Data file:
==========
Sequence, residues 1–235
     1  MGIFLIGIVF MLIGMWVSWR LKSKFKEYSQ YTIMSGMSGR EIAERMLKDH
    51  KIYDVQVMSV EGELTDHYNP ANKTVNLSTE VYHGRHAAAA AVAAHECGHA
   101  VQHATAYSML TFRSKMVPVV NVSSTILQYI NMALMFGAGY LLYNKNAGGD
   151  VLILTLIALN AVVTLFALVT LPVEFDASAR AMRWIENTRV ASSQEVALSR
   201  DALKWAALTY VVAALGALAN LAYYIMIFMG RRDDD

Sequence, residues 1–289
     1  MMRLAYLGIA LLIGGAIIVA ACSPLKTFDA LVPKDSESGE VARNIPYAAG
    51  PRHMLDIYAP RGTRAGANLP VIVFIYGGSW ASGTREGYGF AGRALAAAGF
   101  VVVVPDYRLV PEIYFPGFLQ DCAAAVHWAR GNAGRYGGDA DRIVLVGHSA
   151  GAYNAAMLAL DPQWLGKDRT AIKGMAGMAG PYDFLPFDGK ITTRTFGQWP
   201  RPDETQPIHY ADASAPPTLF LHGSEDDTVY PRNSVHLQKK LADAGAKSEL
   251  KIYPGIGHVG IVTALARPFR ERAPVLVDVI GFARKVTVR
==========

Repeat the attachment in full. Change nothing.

Sequence, residues 1–235
     1  MGIFLIGIVF MLIGMWVSWR LKSKFKEYSQ YTIMSGMSGR EIAERMLKDH
    51  KIYDVQVMSV EGELTDHYNP ANKTVNLSTE VYHGRHAAAA AVAAHECGHA
   101  VQHATAYSML TFRSKMVPVV NVSSTILQYI NMALMFGAGY LLYNKNAGGD
   151  VLILTLIALN AVVTLFALVT LPVEFDASAR AMRWIENTRV ASSQEVALSR
   201  DALKWAALTY VVAALGALAN LAYYIMIFMG RRDDD

Sequence, residues 1–289
     1  MMRLAYLGIA LLIGGAIIVA ACSPLKTFDA LVPKDSESGE VARNIPYAAG
    51  PRHMLDIYAP RGTRAGANLP VIVFIYGGSW ASGTREGYGF AGRALAAAGF
   101  VVVVPDYRLV PEIYFPGFLQ DCAAAVHWAR GNAGRYGGDA DRIVLVGHSA
   151  GAYNAAMLAL DPQWLGKDRT AIKGMAGMAG PYDFLPFDGK ITTRTFGQWP
   201  RPDETQPIHY ADASAPPTLF LHGSEDDTVY PRNSVHLQKK LADAGAKSEL
   251  KIYPGIGHVG IVTALARPFR ERAPVLVDVI GFARKVTVR